Resources at Hebrew SeniorLife


Hypertension

Hypertension--or high blood pressure--is called a silent killer because many people have it for years without knowing. More than 50 million Americans have high blood pressure; about 30 percent have yet to be diagnosed.

While many people view high blood pressure as non-life-threatening, but if left untreated, high blood pressure can put you at increasing risk for serious complications.

Definition

  • A medical condition in which blood pressure (the force applied to the walls of arteries as the heart pumps blood through the body) is consistently higher than 140 systolic and 90 diastolic. Recently, the term pre-hypertension has been used for individuals who do not have hypertension, but have blood pressure levels that are above 120/90. These individuals are at increased risk of developing hypertension in the next five years.

Causes

  • In 90 to 95 percent of cases, there is no identifiable cause; this is called primary hypertension. In these cases, hereditary and lifestyle factors, such as a high-salt diet, overweight, physical inactivity or stress, contribute to hypertension.
  • In a smaller number of cases (about 5% to 10%), a cause may be identified. The most common causes include kidney disease, adrenal disease, thyroid disease, and sleep apnea.
  • Certain medications, including birth control pills, decongestants and over-the-counter pain relievers that contain nonsteroidal anti-inflammatories, may cause or worsen hypertension.

Symptoms

  • Often none
  • Dizziness, nosebleeds and dull ache at back of the head, though rare
  • In older people, poor balance, dizziness upon standing, and difficulty with memory can be a symptoms or complications of high blood pressure

Risk Factors

  • Age - risk increases the older you get
  • Race - African-Americans more than any other racial group
  • Sex - in young adulthood, more common in men; more common in women over age 60
  • Family history
  • Obesity
  • Physical inactivity
  • Smoking
  • Sodium sensitivity/salt intake
  • Low potassium intake
  • Excessive alcohol consumption
  • Stress

Diagnosis

  • Blood pressure measurement with a sphygmomanometer

Treatment

  • Diuretics (water pills)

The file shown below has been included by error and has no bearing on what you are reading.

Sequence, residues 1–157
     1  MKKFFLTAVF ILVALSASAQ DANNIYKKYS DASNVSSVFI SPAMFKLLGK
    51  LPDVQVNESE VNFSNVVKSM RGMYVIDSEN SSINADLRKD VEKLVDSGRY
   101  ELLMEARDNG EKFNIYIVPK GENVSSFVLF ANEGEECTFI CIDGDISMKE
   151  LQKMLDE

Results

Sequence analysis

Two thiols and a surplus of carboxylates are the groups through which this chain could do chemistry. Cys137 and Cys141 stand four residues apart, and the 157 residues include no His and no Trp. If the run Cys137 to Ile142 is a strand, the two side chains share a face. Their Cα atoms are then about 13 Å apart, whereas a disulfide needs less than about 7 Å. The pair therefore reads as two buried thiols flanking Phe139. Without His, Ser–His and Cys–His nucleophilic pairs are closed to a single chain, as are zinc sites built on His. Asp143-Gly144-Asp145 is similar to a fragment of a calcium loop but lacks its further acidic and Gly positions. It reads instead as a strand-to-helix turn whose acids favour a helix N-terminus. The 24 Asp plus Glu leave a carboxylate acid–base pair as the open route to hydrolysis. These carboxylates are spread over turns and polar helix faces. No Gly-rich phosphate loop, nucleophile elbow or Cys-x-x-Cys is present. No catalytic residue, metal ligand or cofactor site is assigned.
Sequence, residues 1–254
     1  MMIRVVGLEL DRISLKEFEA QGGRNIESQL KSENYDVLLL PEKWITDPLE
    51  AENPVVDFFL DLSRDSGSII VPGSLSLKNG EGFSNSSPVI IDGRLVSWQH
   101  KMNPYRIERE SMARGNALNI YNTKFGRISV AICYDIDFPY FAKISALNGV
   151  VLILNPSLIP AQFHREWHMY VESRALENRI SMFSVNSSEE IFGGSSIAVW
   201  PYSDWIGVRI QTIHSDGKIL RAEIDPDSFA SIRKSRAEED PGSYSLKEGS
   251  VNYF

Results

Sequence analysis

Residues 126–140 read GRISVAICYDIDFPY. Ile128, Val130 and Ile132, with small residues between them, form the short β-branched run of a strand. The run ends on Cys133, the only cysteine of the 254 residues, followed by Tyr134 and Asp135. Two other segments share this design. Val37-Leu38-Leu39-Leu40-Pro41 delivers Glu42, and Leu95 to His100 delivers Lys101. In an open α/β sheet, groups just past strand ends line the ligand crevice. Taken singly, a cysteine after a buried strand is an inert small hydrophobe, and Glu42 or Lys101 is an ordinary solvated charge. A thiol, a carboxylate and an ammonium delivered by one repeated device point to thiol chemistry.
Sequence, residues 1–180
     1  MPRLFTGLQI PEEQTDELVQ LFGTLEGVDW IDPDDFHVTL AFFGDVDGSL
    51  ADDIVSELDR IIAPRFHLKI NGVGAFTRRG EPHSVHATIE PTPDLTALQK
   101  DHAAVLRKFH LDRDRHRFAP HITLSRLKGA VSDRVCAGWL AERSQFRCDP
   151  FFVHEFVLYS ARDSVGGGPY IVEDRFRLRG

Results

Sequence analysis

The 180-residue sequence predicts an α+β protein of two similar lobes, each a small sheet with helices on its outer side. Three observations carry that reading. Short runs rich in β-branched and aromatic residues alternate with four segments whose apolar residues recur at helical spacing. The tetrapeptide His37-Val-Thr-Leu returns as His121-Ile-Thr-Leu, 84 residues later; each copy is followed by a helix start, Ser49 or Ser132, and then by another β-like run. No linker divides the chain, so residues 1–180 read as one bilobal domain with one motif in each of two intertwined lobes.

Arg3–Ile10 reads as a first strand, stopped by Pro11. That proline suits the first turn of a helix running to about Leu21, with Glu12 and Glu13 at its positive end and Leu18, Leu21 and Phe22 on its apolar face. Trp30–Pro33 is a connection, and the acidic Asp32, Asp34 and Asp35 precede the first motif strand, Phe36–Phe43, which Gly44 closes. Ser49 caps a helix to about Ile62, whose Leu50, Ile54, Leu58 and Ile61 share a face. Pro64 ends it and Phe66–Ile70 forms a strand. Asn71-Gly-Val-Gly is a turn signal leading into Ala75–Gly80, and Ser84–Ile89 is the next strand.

• Beta blockers
  • Angiotensin-converting enzyme (ACE) inhibitors
  • Calcium channel blockers
  • Healthy food choices - lower salt intake
  • Exercise
  • Weight loss if overweight
  • Smoking cessation
  • Stress reduction

Glossary

ACE inhibitor - a drug that helps blood vessels relax by blocking the formation of naturally-occurring chemicals that narrow the blood vessels.

Adrenal disease - a group of conditions that affect the adrenal glands, which secrete hormones, especially stress hormones like adrenaline and noradrenaline, into the bloodstream.

Beta blocker - a drug that decreases the heart rate and force of the heart's contractions to lower blood pressure.

Calcium channel blocker - a medication that helps relax blood vessels, allowing blood to flow more easily through them.

Diastolic - the second number in a blood pressure reading, which represents the pressure in arteries when the heart is at rest.

Diuretic - a drug that acts on the kidneys to help eliminate sodium and water from the body, thus reducing blood volume.

Nonsteroidal anti-inflammatories - commonly prescribed drugs to treat arthritis and inflammation of tissues.

Thyroid disease - a group of diseases that affect the thyroid gland, which secretes hormones needed to help the body's metabolism function at a satisfactory rate.

Systolic  - the first number in a blood pressure reading, which represents the maximum pressure exerted in arteries when the heart is pumping.

Links

American Heart Association - www.americanheart.org
National Heart, Lung & Blood Institute - www.nhlbi.nih.gov   


Disclaimer
The information contained on this Web site is intended for general consumer understanding and education. The information is provided as a resource only and is not a substitute for professional diagnosis and treatment. Access to the information on this site is voluntary. We advise users to consult their physician or other qualified health-care professional if they have questions regarding personal health and medical conditions. Hebrew SeniorLife expressly disclaims responsibility, and shall have no liability, for any damages, loss, injury or liability whatsoever suffered as a result of your reliance on the information contained on this site.

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